Urban Outfitters Half-Admits It Was Selling a Plagiarized Skirt
Hello, and welcome to Urban Outfitters Cannot Stop Stealing From Independent Artists, part infinity. Over the past four years, we've brought you periodic stories about the Philly-based hipster monolith selling designs plagiarized from other artists, something the company has done again and again and again and again. But this latest episode looks just a little bit different, in that Urban has actually admitted, sort of, that there's a problem.
Earlier this year, Urban began selling the skirt you see above, by Australian clothing designer bambam cloth. The design appears to have been lifted wholesale from a 2012 piece called "tryypyzoyd" by Massachusetts-based artist James Soares. He works under the name Spires and sells on Society6, an online artist's marketplace. He learned there was a problem after a Society6 user named Chelsea Birnell left a comment on "tryypyzoyd" earlier this month: "I just wanted to let you know... I think you've been ripped off," she told him, along with a link to Urban Outfitters, where the "bambam geo bodycon skirt" was selling for $59.
Soares didn't see Birnell's comment for nearly two weeks. When he finally saw it, and followed the link to the UO listing, he was very unhappy.
"I knew it was tryypyzoyd immediately because as you can see from the comparison, there was no attempt made to alter the art in any way but to rotate it 180 degrees," he tells the Voice. "The colors are all the same and the positions of the shapes are identical."
Soares took to Tumblr. "Urban outfitters is ripping me off with the help of a party named 'Bambam,'" he wrote. "This is taken from my original work tryypyzoyd. I'm furious. PLEASE SHARE TO HELP." Soares added that he'd already spoken to Urban Outfitters: "I emailed them and [I] have heard back. I'm currently finding the best approach to take action."
The response was immediate and enormous. Tumblr users have reblogged his post more than 90,000 times, and in the midst of his fury, Soares seems delighted at how the story has taken off.
"I have been overwhelmed with interest about this situation, which I'm so happy about," he tells us. "I have been considering how to take action. I am moving forward and there will be more to say on that later."
This is, as you may recall, virtually the same situation that Tumblr artist Glamtrash faced in November, after she discovered a drawing of hers, a stylized pink heart featuring the words "Weird Girl," had been slapped onto a t-shirt by a company called United Couture and was being sold at Urban Outfitters.
Glamtrash, too, got thousands of re-blogs after she called UO out on Tumblr. But there are two notable differences here. The first is that Urban Outfitters pulled the Soares-"inspired" skirt down on May 22, replacing it not with the words "Sold out," as they did in the case of the purloined Glamtrash design, but with another notice, one that read "legal issue." Here's a screenshot:
They've since removed the listing altogether, although it lives on elsewhere on the site, under the user reviews. (Some of the more recent reviews are getting a little snarky: "I love this skirt, it looks like art!" reviewer Nicoooo enthused on May 21, after the plagiarism was public. "I feel like this should be hanging on a wall somewhere. It is great! You have outdone yourselves this time UrbanOutfitters!")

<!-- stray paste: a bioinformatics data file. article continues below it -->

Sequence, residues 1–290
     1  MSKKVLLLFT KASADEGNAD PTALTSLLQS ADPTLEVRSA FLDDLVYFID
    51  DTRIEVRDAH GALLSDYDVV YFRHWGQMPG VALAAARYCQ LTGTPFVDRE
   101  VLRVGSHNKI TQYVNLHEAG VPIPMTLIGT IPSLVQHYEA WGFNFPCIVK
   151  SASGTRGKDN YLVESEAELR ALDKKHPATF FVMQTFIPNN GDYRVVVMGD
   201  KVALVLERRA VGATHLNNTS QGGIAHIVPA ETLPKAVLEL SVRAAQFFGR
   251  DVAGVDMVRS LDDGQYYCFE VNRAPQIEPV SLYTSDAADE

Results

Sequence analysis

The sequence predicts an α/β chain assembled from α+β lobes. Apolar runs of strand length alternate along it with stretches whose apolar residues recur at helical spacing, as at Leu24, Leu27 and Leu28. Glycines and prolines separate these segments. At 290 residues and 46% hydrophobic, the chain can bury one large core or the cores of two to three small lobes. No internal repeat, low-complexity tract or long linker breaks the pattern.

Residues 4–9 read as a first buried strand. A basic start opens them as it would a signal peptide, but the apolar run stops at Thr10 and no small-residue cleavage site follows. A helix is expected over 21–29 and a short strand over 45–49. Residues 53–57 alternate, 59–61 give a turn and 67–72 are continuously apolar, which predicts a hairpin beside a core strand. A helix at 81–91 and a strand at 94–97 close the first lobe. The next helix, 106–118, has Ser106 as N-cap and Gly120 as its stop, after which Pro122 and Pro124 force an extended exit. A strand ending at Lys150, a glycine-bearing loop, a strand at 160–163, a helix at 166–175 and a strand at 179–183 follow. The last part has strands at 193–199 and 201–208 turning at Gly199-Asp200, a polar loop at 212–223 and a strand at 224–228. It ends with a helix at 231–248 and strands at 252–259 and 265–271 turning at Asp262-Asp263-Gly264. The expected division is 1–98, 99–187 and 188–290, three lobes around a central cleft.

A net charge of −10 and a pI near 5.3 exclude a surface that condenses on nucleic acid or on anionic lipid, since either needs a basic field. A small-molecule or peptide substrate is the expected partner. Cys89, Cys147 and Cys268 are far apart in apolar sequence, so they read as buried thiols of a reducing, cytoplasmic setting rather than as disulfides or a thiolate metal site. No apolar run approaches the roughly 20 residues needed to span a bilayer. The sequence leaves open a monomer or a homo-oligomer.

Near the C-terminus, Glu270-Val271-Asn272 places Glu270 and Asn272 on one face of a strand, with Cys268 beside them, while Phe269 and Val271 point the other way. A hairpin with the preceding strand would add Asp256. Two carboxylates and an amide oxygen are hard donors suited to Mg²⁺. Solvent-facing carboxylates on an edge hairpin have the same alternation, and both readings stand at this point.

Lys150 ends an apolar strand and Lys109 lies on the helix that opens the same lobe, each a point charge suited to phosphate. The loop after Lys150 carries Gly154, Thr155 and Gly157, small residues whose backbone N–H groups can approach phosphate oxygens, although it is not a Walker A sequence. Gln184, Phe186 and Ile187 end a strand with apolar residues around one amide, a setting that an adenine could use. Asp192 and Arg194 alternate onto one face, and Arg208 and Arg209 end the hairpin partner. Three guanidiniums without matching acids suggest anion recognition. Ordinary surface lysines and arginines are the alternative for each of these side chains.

The Urban Outfitters PR team also sent us and other news outlets this statement:
We take matters such as this very seriously and removed the product as soon as this was brought to our attention. Urban Outfitters has worked with Society6 since 2010 to help bring awareness and sales to their creative network of artists. As long-time supporters of Society6 and independent creatives, we would never intentionally appropriate their work. The origin of the design is still being investigated with the designers at BAMBAM Cloth. We appreciate your patience while we work to resolve this issue.
Meanwhile, over on Twitter, they assured everyone who tweeted about the plagiarism that their concerns were heard and understood:
— Urban Outfitters (@UrbanOutfitters) May 22, 2014
If that wording sounds at all familiar, that's because it's a template they've used before, back in January, when people got upset over the chain selling shirts that read "Depression" and "Eat Less:"
@ImaC4tt We know + we hear you. Both of these shirts have been removed from our site and are no longer for sale.
— Urban Outfitters (@UrbanOutfitters) January 5, 2014
UO has publicly apologized for lots of other things in the past, including selling shirts festooned with dollar signs and the words "Everybody Loves a Jewish Girl," a shirt that ripped off the logo of the United Farm Workers, and for selling socks with the Hindu god Ganesh on them. But this is the first time they've admitted they were selling something that looked to be plagiarized.
Their newfound transparency only goes so far, though. Upon receiving that statement, we asked the company a series of follow-up questions about how they handle alleged plagiarism from the companies they work with: how do they investigate these incidents? Do they cut ties with companies who sell them ripped-off designs? (In at least one case, the answer to that is no. United Couture, the company selling the ripped off "Weird Girl" shirt, is still featured on the UO website. Right now the only item of United Couture clothing for sale is a hoodie that reads "Indian Summer.")
Urban Outfitters didn't respond to any of these follow-up questions. Bambam has also failed to respond to two requests for comment.
Still. Baby steps.
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